The kaleidoscope of sounds they create results in a sort of labyrinth, but they leave a thread to carry out the audience; their sound includes much of what we writers and fans call bluegrass, but the truer answer is folk music with some of the same influences. What they play rests less at an intersection and more at a complicated traffic circle with a dozen roads leading to it: bluegrass, Celtic, American and European folk, jazz, country, a little jazz, and plenty of touches of other sounds my under-educated ear cannot quite capture.
This set, in the middle of the day, felt timely and timeless, their playing joyful and honest. It set up an easy fantasy imagining them crowded in a kudzu-crowded backyard, grill smoking away, whiling away the setting sun with the smoke. In truth, I could have danced or lain in the grass all day listening to Hawktail and ended content. Brittany’s fiddle tapped toes into the rain-softened earth, while Paul’s fingers danced the songs along. Their stage relationship — maybe by proximity? — definitely stunned. But Jordan and Dominick more than added flair and style, playing deftly and intelligently.
Maybe my favorite aspect of their sound, their show, lies in their gift for restraint; they resist the urge to tear forward at a breakneck pace, lending their songs an air of intricacy, intimacy. They played mostly instrumentals – that’s their trade, after all – though granting the audience a cover of a Doc Watson tune, eliciting a quip from Jordan that this would be a good time to check the merch table (they more than did the Doc proud). They spent most of their time smiling, a private language easily shared through little laughs and eye contact, knowingly and quietly betraying that they consider each other close friends. Do yourself a favor and buy Unless as soon as you can, and then work your way through the expansive catalogs these artists have all cultivated over the last decade-plus.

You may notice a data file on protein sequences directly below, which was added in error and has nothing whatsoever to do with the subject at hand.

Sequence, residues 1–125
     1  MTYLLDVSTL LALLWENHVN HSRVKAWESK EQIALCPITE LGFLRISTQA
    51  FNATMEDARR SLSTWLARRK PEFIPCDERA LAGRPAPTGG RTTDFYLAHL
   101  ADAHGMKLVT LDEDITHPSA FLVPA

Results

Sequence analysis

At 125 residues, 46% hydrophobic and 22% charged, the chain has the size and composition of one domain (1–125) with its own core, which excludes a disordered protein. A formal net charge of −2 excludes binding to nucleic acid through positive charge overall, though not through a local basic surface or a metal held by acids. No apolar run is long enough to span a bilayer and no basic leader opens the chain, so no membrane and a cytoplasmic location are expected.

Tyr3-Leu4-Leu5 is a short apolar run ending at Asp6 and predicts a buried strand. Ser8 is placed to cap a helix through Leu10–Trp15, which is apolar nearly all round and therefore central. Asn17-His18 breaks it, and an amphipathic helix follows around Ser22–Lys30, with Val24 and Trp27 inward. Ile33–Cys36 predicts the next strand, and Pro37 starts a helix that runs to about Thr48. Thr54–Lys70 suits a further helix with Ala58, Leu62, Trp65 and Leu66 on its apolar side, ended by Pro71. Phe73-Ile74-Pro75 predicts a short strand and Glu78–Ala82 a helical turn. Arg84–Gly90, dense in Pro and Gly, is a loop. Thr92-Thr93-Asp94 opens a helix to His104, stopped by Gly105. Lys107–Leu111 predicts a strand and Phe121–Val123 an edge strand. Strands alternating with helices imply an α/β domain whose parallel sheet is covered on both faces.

Seldom Scene followed, proving they continue to be the quintessential bluegrass act of Maryland, and guitarist Dudley Connell proudly announced this with his hat honoring the state. All of them continued to prove their incredible gift for three-part harmonies, as well as continuing to show the way they marry bluegrass with elements of other genres. Dudley continued to share his trademark smile and joy on the stage, though telling fewer stories than when they played at the 8×10 in January. Lou Reid (mandolinist) again shared his achingly beautiful rendition of “Sweet Baby James”, along with a host of other stellar Seldom Scene songs, including a new one. They have an album called Changes coming out June 7 that you can preorder.
As shadows lengthened and the sun shone orange across the stage, Melody Walker strode to the mic, shimmering in a rainbow cloak, the changing colors complementing her pink and plum hair, a shirt with FEMINIST emblazoned across the chest, announcing the arrival of Front Country. Their second time coming to Charm City in as many years, they wasted no time jumping into the set, Melody’s powerhouse voice exploding across the park. It’s hard to articulate the band’s power; mandolinist Adam Roszkiewicz shone just as much as Melody, but the band around them played tight, their brand of California bluegrass (greengrass?) meshed with something almost like rock and punk. After their set, the band came out and Melody spent time talking to young and old fans alike. It’s hard to imagine they won’t come back to Charm City again.